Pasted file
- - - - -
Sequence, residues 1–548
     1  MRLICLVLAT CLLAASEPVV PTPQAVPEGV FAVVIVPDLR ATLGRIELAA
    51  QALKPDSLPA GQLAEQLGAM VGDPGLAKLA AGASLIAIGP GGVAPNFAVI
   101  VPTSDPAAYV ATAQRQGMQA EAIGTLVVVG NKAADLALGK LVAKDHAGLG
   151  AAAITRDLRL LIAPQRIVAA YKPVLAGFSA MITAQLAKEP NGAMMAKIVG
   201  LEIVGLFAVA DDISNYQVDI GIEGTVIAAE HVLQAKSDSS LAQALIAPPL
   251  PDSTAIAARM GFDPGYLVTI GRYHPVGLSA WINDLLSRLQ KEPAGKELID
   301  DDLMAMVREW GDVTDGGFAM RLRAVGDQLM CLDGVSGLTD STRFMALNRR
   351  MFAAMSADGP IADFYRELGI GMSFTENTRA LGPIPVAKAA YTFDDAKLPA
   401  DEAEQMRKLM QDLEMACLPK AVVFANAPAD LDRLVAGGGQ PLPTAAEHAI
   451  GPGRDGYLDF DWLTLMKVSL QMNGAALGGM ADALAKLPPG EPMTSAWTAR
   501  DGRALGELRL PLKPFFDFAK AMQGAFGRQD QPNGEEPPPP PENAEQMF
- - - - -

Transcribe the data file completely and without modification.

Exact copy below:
Sequence, residues 1–548
     1  MRLICLVLAT CLLAASEPVV PTPQAVPEGV FAVVIVPDLR ATLGRIELAA
    51  QALKPDSLPA GQLAEQLGAM VGDPGLAKLA AGASLIAIGP GGVAPNFAVI
   101  VPTSDPAAYV ATAQRQGMQA EAIGTLVVVG NKAADLALGK LVAKDHAGLG
   151  AAAITRDLRL LIAPQRIVAA YKPVLAGFSA MITAQLAKEP NGAMMAKIVG
   201  LEIVGLFAVA DDISNYQVDI GIEGTVIAAE HVLQAKSDSS LAQALIAPPL
   251  PDSTAIAARM GFDPGYLVTI GRYHPVGLSA WINDLLSRLQ KEPAGKELID
   301  DDLMAMVREW GDVTDGGFAM RLRAVGDQLM CLDGVSGLTD STRFMALNRR
   351  MFAAMSADGP IADFYRELGI GMSFTENTRA LGPIPVAKAA YTFDDAKLPA
   401  DEAEQMRKLM QDLEMACLPK AVVFANAPAD LDRLVAGGGQ PLPTAAEHAI
   451  GPGRDGYLDF DWLTLMKVSL QMNGAALGGM ADALAKLPPG EPMTSAWTAR
   501  DGRALGELRL PLKPFFDFAK AMQGAFGRQD QPNGEEPPPP PENAEQMF